Kamala Harris Defeats Steve Cooley For California Attorney General
We've been saying for a while that the math didn't look good for Steve Cooley. But now we can go ahead and make it official.
Steve Cooley has lost. Kamala Harris will be the next attorney general of California.
Out of an abundance of
laziness caution, we've held off until now. But we're getting tired of waiting for the AP to call this thing, and Eric Garcetti has already beaten us to the punch anyway.
Update, Wednesday morning: Cooley concedes.
A mathematical explanation/justification after the jump.
The Secretary of State's office has been keeping track of the uncounted ballots on its website. That report lists 394,000 untabulated votes as of this morning, but that's out of date. There are no more than 154,000 ballots remaining, and there are probably less. Update at 2:50 p.m.: With updates from four counties, there are now 124,000 ballots left, at most. (Explanation below.)
The county websites have more up-to-date figures in some cases than the Secretary of State. Using those numbers, we can say that Harris is leading by 49,535 votes. (2:50 update: 51,141 votes.) Given the geographic breakdown of the remaining uncounted ballots, we expect her to expand her lead by another 10,000 votes or so, ending up with a margin of six tenths of a percent (46.0-45.4).
In order to win the race, Cooley would have to win the remaining uncounted votes by a margin of 66-26. (Update at 2:50: Cooley would now have to win by 72-20.) The likelihood of that happening is extremely close to zero. One of his best counties was Orange County, and his margin there was only 60-31.
If we knew nothing about the remaining ballots, you might say that Cooley has at least a chance. But we do know where the ballots are coming from -- they're mostly from counties that favored Harris -- and we know that they're mostly provisionals, which have also favored Harris.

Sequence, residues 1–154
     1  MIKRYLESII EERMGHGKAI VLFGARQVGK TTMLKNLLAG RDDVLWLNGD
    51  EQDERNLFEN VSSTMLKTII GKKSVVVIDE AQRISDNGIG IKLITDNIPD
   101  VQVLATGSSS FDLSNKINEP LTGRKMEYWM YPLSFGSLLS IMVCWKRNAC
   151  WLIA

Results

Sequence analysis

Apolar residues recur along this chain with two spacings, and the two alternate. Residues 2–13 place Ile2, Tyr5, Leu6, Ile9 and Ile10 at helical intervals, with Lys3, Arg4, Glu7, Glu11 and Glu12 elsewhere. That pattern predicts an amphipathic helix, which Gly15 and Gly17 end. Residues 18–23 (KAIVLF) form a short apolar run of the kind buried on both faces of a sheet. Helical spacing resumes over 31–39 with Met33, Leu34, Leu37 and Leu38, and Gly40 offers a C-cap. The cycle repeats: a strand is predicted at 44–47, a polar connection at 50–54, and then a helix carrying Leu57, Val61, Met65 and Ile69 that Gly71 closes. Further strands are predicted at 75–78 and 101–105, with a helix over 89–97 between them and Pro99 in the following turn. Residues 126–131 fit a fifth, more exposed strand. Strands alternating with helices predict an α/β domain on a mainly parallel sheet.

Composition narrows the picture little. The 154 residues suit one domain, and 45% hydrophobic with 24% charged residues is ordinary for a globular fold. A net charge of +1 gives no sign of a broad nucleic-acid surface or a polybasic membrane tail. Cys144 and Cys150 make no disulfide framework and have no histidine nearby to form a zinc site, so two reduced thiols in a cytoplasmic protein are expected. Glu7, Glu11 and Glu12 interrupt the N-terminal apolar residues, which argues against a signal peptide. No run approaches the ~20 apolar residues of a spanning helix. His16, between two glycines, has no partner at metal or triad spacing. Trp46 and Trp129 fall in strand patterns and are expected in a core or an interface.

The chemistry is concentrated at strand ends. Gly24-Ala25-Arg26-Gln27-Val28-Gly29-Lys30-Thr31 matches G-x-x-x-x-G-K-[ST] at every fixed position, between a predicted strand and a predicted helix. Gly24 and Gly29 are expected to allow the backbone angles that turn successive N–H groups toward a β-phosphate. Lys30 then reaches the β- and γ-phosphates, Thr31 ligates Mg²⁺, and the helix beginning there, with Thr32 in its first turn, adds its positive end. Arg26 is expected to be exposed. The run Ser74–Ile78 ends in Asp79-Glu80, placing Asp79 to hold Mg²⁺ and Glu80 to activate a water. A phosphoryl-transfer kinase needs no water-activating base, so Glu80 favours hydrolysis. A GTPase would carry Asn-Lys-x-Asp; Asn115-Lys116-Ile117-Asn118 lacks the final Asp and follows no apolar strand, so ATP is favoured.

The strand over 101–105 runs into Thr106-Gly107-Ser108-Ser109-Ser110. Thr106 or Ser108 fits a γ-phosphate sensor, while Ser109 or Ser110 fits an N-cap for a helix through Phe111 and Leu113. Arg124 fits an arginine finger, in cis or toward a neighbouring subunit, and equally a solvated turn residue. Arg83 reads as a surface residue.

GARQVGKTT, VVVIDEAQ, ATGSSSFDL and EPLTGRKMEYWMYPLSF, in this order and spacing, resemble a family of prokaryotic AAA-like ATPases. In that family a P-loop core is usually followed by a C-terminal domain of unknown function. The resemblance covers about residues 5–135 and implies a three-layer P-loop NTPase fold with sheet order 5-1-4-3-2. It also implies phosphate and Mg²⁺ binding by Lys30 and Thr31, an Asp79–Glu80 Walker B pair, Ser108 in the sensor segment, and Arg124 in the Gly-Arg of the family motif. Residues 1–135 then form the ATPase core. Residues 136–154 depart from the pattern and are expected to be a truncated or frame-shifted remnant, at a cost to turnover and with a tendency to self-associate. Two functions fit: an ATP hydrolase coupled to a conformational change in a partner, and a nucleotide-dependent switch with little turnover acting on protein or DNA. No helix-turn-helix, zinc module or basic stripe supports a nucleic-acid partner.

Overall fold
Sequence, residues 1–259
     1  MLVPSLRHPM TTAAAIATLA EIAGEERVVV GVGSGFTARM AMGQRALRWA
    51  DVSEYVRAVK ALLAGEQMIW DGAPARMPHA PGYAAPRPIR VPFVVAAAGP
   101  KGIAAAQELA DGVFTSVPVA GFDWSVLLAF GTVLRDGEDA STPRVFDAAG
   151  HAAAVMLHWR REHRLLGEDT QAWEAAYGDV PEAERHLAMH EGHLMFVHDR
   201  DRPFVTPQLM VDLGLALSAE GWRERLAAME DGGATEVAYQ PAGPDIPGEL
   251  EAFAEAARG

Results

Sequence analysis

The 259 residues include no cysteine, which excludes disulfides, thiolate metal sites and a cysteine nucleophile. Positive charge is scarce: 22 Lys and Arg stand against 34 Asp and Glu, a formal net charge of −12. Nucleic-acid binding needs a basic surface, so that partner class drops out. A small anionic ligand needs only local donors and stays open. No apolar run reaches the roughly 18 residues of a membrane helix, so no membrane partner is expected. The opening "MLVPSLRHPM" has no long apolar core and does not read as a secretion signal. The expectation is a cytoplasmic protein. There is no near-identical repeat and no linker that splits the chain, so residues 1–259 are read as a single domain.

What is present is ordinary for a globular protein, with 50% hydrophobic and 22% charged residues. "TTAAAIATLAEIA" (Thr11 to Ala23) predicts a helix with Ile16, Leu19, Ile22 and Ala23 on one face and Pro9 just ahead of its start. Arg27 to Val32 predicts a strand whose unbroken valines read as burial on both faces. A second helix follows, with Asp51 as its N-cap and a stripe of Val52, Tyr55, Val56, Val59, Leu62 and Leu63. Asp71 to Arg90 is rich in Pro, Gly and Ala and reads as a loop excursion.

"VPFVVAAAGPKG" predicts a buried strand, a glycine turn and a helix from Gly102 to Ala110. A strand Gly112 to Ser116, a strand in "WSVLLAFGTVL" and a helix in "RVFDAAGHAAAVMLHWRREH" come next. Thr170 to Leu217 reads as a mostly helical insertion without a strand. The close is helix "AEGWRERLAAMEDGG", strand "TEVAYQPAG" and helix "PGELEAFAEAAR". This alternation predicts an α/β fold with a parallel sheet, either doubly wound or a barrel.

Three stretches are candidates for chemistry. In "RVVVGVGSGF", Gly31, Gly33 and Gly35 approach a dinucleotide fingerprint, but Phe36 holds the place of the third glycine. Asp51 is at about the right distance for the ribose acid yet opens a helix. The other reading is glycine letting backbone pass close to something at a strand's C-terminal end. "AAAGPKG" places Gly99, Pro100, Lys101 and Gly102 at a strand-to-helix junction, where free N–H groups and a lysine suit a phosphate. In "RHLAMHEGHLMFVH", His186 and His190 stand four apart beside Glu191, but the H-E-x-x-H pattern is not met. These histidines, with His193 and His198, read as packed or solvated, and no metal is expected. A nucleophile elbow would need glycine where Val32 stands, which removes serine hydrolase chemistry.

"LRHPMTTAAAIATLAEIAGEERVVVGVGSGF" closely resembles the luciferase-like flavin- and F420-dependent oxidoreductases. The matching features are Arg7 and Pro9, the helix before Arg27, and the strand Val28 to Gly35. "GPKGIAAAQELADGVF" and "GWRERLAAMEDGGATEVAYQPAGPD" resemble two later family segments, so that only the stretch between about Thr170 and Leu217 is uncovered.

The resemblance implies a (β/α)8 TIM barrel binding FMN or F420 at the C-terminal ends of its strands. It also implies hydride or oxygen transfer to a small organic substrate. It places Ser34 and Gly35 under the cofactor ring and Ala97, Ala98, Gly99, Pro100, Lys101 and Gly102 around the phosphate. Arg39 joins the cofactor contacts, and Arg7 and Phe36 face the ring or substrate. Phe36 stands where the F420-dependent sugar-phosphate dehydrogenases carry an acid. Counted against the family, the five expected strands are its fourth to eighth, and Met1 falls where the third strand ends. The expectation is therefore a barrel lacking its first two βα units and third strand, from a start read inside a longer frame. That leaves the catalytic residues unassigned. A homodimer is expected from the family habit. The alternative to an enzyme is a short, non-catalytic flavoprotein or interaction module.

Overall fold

We'd expect Harris to win the remaining votes by a tally of about 50-42. That's just based on geography and doesn't factor in her advantage from provisionals.
We now have much more information about how this race will end up than the AP and the L.A. Times did when they called the governor's race for Jerry Brown at the stroke of 8 p.m. on Election Night.
It's time to call it. Harris has won.
At this point, it's less a question of math than of psychology. How long does Cooley want to go before conceding? Does Harris want to wait for him to concede before declaring victory?
The rest we're going to mark as for nerds only.
A lot of folks -- us, Garcetti, Swing State Project, and no doubt both campaigns -- have expended a lot of effort on projecting ballots county-by-county based on each candidate's performance in that county. But a much simpler and more accurate way to do it would have been to multiply the total number of uncounted ballots statewide on Election Day by 2.5%. That was Harris' margin of victory among ballots cast on Election Day.
When we did that back on Nov. 5, we came up with Harris picking up 58,349 votes on her then-lead of 12,000 votes. All along, that's been a much more accurate guess than the county-by-county estimates, because it ignored geography and focused instead on the character of ballots. As it turned out, the uncounted ballots were more or less evenly distributed throughout the state. The important difference between them and the counted ballots was that they were all cast on or near Election Day.
A word on how we arrived at the estimate of
154,000 124,000 remaining ballots. The uncounted ballot report gives the time and date that each county last reported its remaining ballots. But in most cases, counties have added ballots to the count since last reporting their remaining ballots. So we went back and looked at what their tally was when they last reported uncounted ballots, and then subtracted the number of ballots that they've counted since then from their uncounted ballot figure. That's a somewhat crude method, but it's a lot more accurate than relying on the Secretary of State's out-of-date estimate.
Using that method, we can say that the largest chunk of uncounted votes is now in Sonoma County, where they're sitting on 35,500 ballots. Just to be sure that's right, we called the Sonoma Registrar's office and were assured that they're working on it and they do intend to get those 35,500 ballots counted by the deadline. (Harris won Sonoma 57-33.)
Full disclosure for the three or four people who could possibly care: We also estimated that only 94% of remaining ballots will have a vote for attorney general (based on how it looks so far in the counties that give that figure), and that 15% of the remaining ballots will be thrown out because they're provisionals.
Update at 2:50: To the question about why 15%: We had to go with something, and 80-85% is a commonly used estimate for the percentage of provisionals that end up counting. This assumption is a relatively small source of error compared to the error we know is in the remaining ballot tally. If we change it from 85% to 100% -- which would be the assumption most favorable to Cooley at this point -- then the margin he needs drops from 72-20 to 68-24. Still an impossible hurdle. (We can tweak it in the other direction, too. At 80%, it goes to 73-18.)
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